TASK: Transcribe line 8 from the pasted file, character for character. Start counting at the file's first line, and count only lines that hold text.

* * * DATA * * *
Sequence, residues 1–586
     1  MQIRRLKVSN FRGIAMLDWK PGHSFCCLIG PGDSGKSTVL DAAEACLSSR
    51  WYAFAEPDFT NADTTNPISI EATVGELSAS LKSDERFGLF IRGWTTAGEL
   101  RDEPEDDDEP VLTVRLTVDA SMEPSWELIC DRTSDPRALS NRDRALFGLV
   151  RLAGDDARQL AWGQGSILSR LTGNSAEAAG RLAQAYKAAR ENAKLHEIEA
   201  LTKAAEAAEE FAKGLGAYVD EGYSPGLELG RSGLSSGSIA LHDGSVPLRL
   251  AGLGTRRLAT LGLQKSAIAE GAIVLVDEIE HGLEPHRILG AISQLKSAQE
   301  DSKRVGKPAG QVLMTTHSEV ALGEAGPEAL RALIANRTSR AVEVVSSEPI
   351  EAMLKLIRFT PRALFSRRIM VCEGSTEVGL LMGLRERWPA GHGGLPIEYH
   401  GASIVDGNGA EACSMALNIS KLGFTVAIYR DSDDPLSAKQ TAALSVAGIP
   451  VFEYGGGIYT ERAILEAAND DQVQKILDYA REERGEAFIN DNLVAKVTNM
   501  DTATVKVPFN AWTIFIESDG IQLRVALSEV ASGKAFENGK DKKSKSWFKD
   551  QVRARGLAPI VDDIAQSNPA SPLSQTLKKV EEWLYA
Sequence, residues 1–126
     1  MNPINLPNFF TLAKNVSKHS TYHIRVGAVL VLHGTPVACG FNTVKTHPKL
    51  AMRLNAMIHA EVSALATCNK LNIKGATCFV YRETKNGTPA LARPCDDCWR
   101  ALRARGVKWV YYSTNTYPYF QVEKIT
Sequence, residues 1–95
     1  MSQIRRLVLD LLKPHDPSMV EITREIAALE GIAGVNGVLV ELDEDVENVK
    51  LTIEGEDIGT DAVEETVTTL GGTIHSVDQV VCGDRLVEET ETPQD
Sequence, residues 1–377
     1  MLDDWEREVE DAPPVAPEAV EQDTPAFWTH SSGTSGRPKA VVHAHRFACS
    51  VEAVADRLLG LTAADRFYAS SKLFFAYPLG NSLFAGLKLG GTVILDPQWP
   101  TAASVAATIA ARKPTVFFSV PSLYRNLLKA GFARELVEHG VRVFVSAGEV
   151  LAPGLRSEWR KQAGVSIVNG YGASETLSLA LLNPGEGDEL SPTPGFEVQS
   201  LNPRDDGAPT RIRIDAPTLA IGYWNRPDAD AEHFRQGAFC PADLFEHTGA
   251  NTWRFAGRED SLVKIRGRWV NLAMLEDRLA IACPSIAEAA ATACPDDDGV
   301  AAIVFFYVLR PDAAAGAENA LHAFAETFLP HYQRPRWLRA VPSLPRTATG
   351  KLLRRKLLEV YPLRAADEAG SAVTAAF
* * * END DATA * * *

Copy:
   301  DSKRVGKPAG QVLMTTHSEV ALGEAGPEAL RALIANRTSR AVEVVSSEPI